Dear Green Gato #11 – Tongue Of The Cat

Close-up of a Birman licking against white background

Dear Green Gato,

I am writing to you to clear up a super odd habit that my cat has. My furbaby, Pirate, is the weirdest little guy. He’s affectionate and outgoing, especially for a cat. He is food-motivated, and sometimes can’t stop meowing whenever I walk through the kitchen. Once I feed him, he’s overjoyed and proceeds to indulge in whatever I’ve brought for him. Afterwards, almost like clockwork, Pirate comes to join me wherever I am and proceeds to lick all over me with his weird sandpaper tongue! I get that he is ready to groom after a big meal, but why on earth does he have to lick me?

Should I be concerned about the bacteria in his mouth? I don’t hate it, but I don’t love it. Any advice would be appreciated, thanks!

-Kaitlin C.

Dear Kaitlin,

I love your cat’s name! Pirate sounds like a hoot. I can only imagine how weird it must be to feel his little tongue “grooming” you after a meal! He certainly sounds like he loves you, so you can take the licking as a sign of affection. Cats are known to lick their babies and their feline friends as well, and the affection that Pirate shows you is essentially no different. When Pirate was just a wee baby cat, his mother demonstrated her love by grooming and taking care of him. This was likely one of the first tactile, or feeling, experiences that your cat remembers in their whole life.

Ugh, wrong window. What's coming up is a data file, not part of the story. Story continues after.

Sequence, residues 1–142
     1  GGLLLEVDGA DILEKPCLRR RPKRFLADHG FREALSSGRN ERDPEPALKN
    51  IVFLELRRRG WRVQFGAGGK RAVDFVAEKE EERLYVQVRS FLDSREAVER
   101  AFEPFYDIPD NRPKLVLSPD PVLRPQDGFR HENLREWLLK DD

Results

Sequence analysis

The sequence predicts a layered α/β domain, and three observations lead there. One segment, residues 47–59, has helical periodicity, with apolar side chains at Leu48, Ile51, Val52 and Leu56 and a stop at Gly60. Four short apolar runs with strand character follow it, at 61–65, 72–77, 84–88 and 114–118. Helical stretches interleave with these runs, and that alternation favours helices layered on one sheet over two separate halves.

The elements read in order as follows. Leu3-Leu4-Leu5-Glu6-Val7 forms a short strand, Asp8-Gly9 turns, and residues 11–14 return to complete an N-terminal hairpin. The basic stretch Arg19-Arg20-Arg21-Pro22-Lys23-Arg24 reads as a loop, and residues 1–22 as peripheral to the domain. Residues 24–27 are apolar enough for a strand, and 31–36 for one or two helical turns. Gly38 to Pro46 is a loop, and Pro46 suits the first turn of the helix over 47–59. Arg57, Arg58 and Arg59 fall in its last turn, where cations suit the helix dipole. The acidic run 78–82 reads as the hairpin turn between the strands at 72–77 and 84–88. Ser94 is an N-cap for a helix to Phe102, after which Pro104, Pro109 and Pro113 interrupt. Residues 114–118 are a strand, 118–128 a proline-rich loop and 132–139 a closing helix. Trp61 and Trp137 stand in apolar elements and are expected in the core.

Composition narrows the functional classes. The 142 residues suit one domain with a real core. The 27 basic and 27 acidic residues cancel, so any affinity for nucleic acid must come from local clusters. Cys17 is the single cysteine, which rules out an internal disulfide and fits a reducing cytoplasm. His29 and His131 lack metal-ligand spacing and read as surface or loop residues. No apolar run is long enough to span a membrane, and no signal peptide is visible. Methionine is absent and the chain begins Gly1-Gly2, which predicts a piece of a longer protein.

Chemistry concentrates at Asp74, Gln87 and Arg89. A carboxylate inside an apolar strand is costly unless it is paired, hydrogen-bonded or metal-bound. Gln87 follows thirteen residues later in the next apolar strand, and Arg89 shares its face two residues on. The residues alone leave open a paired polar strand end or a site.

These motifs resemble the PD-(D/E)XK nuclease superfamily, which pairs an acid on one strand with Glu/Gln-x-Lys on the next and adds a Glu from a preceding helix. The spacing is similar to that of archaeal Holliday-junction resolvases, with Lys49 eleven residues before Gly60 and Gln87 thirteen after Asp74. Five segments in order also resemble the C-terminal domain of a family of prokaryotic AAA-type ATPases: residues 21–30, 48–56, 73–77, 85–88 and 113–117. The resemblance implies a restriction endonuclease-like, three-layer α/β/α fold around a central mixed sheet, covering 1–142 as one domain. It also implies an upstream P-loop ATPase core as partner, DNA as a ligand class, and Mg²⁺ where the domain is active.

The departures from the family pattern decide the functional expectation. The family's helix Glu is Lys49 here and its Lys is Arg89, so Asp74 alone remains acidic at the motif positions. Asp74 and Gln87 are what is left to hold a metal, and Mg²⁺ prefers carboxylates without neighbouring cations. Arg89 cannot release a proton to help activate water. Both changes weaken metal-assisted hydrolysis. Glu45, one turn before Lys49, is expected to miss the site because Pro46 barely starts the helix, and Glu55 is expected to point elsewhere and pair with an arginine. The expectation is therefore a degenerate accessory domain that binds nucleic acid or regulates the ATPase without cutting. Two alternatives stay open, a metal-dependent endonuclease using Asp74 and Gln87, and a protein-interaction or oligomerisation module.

A cat’s tongue is specifically engineered to assist with grooming, eating, and hunting prey. This is why Pirate’s tongue feels like sandpaper; it is covered with papillae. Papillae are tiny hooks that grow on your cat’s tongue, made from keratin, the same material as your fingernails. This may sound slightly icky, but these papillae help Pirate with so many things.

When cats love someone or something very very much, they usually decide to “claim” them or it as their own. How do they do this, you ask? With pheromones that aren’t detectable to the human nose, of course. Cats spread their scent through glands located all over their body, most notably on the face and paws. As your cat grooms you, with his face, mouth and paws, he is marking you as his beloved territory.

Now, to address the germ issue. If Pirate is just a gentle licker, you don’t need to worry about the spread of germs and bacteria. However, if he gets in the habit of biting, or is licking at a wound that you have, you should stop the behavior immediately. Your cat’s mouth contains more than 130 disease-producing microbes that could cause serious issues if they get into your bloodstream. Cat bites can easily get infected, so if an accident does occur, make sure to clean the area with rubbing alcohol or hydrogen peroxide immediately and consult your doctor if it begins to itch or look different.

As long as Pirate is licking you gently, and you are comfortable with the licking, you don’t have anything to worry about. Enjoy your silly cat!


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